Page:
Readers' Letters
by: L.E. BASKOW, During his February visit, the Rev. Jesse Jackson criticized the Portland Police Bureau’s handling of the Aaron Campbell shooting, prompting numerous responses from Tribune letter writers.

The Rev. Jesse Jackson comes to Portland, spews forth his racist rhetoric, stirs up the folks by telling them what they want to hear and leaves town (Police say it's all about politics, March 4).

He avoids living with the hate and discontent he stirs up. His actions and words, along with local activists, make a racial issue out of an incident that is not. They have a political agenda and, like the Obama administration, never let a crisis go to waste.

There was one person at that scene who was in complete control of the outcome, and that was Aaron Campbell. His death and the circumstances surrounding it are tragic, but to brand police officers or an entire police department as racist because of it demonstrates the ignorance and bigotry being brought forth.

Once again, we see the facts ignored in favor of politically motivated second guessing. Where was the Campbell family, who has been aware of his behavior for years? Where was the African-American community as it watched Campbell, and other young men like him, act out in antisocial ways? Where was the mental health community, giving Mr. Campbell the treatment he needed?

This is a painful time for Portland and I truly hope cooler heads prevail. We all share the grief of the Campbell family suffering the tragic loss of two sons, but we all should avoid the temptation to use this tragedy for our petty political agendas, elected officials included.

Another who is suffering is Officer Frashour. Anyone who thinks taking a human life is an easy thing for a police officer knows nothing.

R. Lee Willis


Remember Chief Foxworth?

The Rev. Jesse Jackson also criticized the racial makeup of the police bureau, noting there are no African-Americans in the top command structure (Police say it's all about politics, March 4).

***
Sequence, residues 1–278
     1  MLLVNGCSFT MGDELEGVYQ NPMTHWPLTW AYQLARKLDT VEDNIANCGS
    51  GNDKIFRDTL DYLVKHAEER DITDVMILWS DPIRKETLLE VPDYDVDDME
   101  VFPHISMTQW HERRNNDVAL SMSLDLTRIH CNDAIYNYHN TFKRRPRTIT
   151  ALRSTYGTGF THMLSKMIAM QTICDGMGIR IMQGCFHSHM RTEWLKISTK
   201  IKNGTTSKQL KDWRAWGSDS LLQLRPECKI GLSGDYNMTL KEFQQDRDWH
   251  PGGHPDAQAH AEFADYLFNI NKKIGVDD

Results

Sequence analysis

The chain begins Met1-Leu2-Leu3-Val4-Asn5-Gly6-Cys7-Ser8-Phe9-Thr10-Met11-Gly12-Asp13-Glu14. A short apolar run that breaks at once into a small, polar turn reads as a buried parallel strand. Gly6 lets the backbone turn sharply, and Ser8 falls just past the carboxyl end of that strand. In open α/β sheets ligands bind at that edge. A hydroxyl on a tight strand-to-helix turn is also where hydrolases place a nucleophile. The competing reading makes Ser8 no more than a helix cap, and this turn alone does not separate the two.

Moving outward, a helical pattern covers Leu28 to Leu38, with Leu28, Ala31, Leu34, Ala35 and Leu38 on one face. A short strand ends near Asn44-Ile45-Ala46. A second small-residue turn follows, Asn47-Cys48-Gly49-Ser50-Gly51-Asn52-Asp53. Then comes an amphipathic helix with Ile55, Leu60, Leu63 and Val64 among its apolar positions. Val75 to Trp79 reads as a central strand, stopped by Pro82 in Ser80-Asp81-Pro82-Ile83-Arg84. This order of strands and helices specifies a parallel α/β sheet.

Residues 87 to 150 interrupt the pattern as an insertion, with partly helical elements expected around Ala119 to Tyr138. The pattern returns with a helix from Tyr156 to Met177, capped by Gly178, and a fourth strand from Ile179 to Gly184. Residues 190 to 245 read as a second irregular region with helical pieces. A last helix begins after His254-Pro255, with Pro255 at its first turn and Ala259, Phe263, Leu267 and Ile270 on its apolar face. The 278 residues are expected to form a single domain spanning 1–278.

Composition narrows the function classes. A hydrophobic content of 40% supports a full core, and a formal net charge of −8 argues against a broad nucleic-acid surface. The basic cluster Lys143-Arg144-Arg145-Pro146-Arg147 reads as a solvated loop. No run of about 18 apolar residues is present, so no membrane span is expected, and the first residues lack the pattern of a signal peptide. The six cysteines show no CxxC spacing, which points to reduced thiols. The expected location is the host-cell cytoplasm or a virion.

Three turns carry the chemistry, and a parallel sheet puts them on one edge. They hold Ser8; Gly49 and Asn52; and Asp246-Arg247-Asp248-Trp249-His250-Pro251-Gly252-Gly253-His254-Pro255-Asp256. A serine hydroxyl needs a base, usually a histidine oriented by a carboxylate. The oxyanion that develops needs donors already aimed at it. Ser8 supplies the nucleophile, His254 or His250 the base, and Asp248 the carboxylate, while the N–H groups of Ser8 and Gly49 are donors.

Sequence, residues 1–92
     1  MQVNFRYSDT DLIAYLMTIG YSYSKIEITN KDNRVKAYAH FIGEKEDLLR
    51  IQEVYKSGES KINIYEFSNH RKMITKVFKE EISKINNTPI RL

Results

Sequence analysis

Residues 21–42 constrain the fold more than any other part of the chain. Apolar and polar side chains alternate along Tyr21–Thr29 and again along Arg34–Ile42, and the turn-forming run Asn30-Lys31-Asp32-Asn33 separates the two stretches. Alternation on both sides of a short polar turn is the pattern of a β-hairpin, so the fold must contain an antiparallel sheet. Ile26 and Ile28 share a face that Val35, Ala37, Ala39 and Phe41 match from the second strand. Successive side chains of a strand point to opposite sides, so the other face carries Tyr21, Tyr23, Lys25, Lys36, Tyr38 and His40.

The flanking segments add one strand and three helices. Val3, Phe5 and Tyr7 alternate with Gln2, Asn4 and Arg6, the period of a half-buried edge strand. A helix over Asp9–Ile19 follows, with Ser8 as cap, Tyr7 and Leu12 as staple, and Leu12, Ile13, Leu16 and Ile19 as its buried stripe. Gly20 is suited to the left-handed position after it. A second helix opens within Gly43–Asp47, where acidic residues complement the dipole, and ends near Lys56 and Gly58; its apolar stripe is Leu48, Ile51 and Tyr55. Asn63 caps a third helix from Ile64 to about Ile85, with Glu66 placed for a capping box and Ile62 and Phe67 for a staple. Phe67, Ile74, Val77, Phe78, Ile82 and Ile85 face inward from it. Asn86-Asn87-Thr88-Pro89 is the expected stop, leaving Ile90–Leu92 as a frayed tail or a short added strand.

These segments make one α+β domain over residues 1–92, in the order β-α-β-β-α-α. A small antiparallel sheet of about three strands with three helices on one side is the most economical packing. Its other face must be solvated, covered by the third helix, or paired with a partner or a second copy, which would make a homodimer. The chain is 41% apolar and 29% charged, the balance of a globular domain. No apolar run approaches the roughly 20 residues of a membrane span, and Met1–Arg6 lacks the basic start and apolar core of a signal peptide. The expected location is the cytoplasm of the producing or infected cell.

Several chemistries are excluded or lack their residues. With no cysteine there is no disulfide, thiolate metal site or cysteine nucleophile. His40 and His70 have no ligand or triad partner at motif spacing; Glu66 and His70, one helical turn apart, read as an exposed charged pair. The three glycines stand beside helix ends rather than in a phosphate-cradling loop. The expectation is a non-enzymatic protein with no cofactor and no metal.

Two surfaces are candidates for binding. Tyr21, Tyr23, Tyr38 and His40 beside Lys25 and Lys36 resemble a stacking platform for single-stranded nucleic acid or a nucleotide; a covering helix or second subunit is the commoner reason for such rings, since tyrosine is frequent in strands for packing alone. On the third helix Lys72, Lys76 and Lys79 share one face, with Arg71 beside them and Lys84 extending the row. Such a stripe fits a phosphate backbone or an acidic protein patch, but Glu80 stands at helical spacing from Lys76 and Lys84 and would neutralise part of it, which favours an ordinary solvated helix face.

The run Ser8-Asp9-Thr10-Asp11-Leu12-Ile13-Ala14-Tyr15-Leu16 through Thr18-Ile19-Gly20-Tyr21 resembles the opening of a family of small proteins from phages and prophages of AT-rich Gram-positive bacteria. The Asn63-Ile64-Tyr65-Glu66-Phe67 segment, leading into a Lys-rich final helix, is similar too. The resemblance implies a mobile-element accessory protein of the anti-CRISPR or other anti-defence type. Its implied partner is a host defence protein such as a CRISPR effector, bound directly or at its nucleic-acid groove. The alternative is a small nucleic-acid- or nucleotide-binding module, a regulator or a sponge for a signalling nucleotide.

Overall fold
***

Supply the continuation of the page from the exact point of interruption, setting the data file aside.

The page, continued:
Well, Jesse, there was one at the top. Maybe you should have researched it to find out what happened.

Jeff Deringer

Vancouver, Wash.

Chasse, Campbell deserve justice

What is wrong with Multnomah County jurors (Errors cry out for shooting probe, Feb. 18)? Are you so white, brainwashed and stupid you can't see that a cop shooting someone in the back is not OK? I can't understand how four cops beating a man to death, breaking all of his ribs, hog-tying him and dragging him into the jail - then laughing about it - is not murder.

James Chasse deserves justice, and so do all the past and future victims of police murderers and abusers.

Karen Soesbe

Gainesville, Fla.

Officer's job is to come home safely

I agree with this statement: 'But it is unacceptable to think that a mentally ill or simply confused person should be killed just because he or she was unable to understand or respond fast enough to a police officer's command' (Errors cry out for shooting probe, Feb. 18).

However, when the reports from Campbell's family are that he has a gun, he may have wanted to commit suicide by cop. He was not complying with police demands. What would you have the police do? Just because police risk their lives every day does not mean they need to put themselves at risk.

The No. 1 job of an officer is to come home safely.

Aaron Glanville

Vancouver, Wash.

Westerman: Get your house in order

I am a 63-year-old professional and resident of Portland since 1969. I've been an administrator in a local public school district, on the faculty of a well-respected private university, and owned a small business during my career. I'm not a 'cop hater' or an authority conspiracy subscriber.

I'm simply a law-abiding, upper-middle class, taxpaying citizen who would like to have trust in a police department to protect my and others' right to go about our lives. Today, perhaps more than ever during the past 40 years, there are a significant number of citizens like myself who are quietly but resolutely concerned about the current state of policing in our community.